It's hard to imagine, in this day and age, that the expression of our individuality through the manner in which we decorate our households - our choice of wallpaper, curtains and china - could be interpreted by others as a sign of moral decline and a signal of our impending public ruination. However, the rise of the Aesthetic Movement, an interest amongst the middle classes in the development of personal taste and a desire for the house beautiful, inspired Victorian critics to warn of just that; it was feared that such personal expression could lead to sexual and moral disorder and social degeneration.
‘The worship of beauty (false beauty, as I hold it to be) has its victims now by the hundred, and much of the effeteness of our artists and the hysteria of our women, may be traced back, till we find its seemingly innocuous source, in art furniture and decorative hangings.’ (Harry Quilter, The Spectator, July 1880)
Men like Quilter worried that an obsession with the interior decoration of one's home (and too great a love for one's blue-and-white china) could lead to women becoming hysterical and men being stripped of their manliness. Taking too great an interest in curtain patterns was thought to be debilitating for the male mind at best... the cause of sterility at worst. The objections of Quilter, and others like him, to the Aesthetic Movement may be amusing to us now, but he was earnest in his fear for the mental and physical wellbeing of his countrymen and women.
An obsession with wallpapers and carpets could lead to degeneration. Worst still, it could lead a man to use his drawing room - that shrine to respectability and moral correctness which should only see visitors on high days and holidays - for actually living in.
There were all manner of exchanges (including heated ones) in print between those in favour of the new movement and those highly opposed to it. The writers at Punch took every opportunity to poke fun at the movement and its adherents.* Poems were written about it, comic operas were produced about it and songs were sung about it. The image above is the cover for a songsheet for The High Art Maiden, designed by Alfred Concanen (1835-1886), an illustrator for the Illustrated Sporting and Dramatic News. Mrs Aesthete, thoroughly in love with her decorative china and most likely neglecting her duties as wife and mother in order to stand near it all day long in a heady swoon, is portrayed alongside her Japanese fans, Japanesque furniture, lilies, sunflowers and peacock feathers - all typically aesthetic attributes. The cover to the left, also designed by Concanen, satirises not just the aesthetic interior, with its blue-and-white china, sunflowers and Japanese-style patterning on the wallpaper, but also the aesthete's dress, with his velvet jacket and fashionable cravat.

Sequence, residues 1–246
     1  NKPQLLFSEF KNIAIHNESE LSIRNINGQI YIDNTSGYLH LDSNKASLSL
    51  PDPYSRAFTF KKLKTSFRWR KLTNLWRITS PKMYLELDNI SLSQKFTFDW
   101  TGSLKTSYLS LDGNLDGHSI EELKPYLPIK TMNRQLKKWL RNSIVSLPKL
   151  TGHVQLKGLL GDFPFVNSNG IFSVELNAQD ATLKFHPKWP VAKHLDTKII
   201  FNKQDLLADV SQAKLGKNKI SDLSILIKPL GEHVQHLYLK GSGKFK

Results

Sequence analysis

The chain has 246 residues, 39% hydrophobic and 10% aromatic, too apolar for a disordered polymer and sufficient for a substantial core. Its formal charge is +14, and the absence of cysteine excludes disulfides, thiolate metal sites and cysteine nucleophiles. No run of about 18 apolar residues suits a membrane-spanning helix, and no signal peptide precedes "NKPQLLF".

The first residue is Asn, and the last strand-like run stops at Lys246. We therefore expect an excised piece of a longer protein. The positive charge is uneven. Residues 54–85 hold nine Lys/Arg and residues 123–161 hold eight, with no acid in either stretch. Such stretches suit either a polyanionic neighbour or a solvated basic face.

The aesthetes choice of language when speaking - his preference for using the words supreme, consummate, utter, quite too preciously sublime, etc. - was also satirised. No area of the aesthetes life escaped ridicule; his every whim was targeted without mercy. In the Knicknacks section of Fun, the following appeared in December 1884: 'At the earnest entreaties of their friends, several of the most utterly utter young men extant have sworn off lemon squash for the season; and have taken boldly to goat's milk hot with just two lumps of sugar and a table-spoonful of eau-de-cologne to the tumbler'.
I shall come back to the aesthetes in future, but for the moment I shall leave you with the following verse, which appeared in the Novel Review, in June 1882:
by Henry S. Leigh
When the terrible tale of my troubles you hear,
I can claim your compassion and pity.
My income is only two hundred a year,
Which I earn as a clerk in the City.
The sum should be ample, of course, you may say,
To secure me my bread and my butter;
But somehow aesthetics have got in the way,
And my wife has gone 'utterly utter.'
In a sensible manner my thoughts I express
On the state of the stocks or the weather;
When Taste's on the tapis, I frankly confess
That I'm out of my swim altogether.
I'm snubbed like a schoolboy at every word
That I blushingly stammer and stutter;
In fact, my position's becoming absurd,
Since my wife has gone 'utterly utter.'
A professional beauty could hardly be worse
In the shape and the cost of her dresses;
I gaze with alarm at the runs on my purse,
From her varied artistic excesses.
She means to accomplish my ruin, 'tis clear;
I believe I shall die in a gutter,
Or end by some desperate act my career,
Now my wife has gone 'utterly utter'
There's a fellow that sups at our house now and then,
Who is known as a Poet of Culture;
The jealousy common to most married men
Pecks away at my heart like a vulture.
On Aubrey de Laine, and his verses insane,
Very deep are the curses I mutter;
'Tis all through the study of trash so inane
That my wife has gone 'utterly utter.'
My china, my furniture, both are intense,
And my visitors half-idiotic;
You can't find a corner for plain common sense
Where the monarch High Art is despotic.
So day after day I go sulking away,
In a fume and a fret and a flutter;
But what can I do, sir, and what can I say,
If my wife has gone 'utterly utter'?
* Walter Hamilton goes into (very entertaining) detail about the various attacks launched by Punch in his book The Aesthetic Movement in England, published in 1882. The original is rather rare, but a reprint is available in paperback format or as an ebook for the Kindle.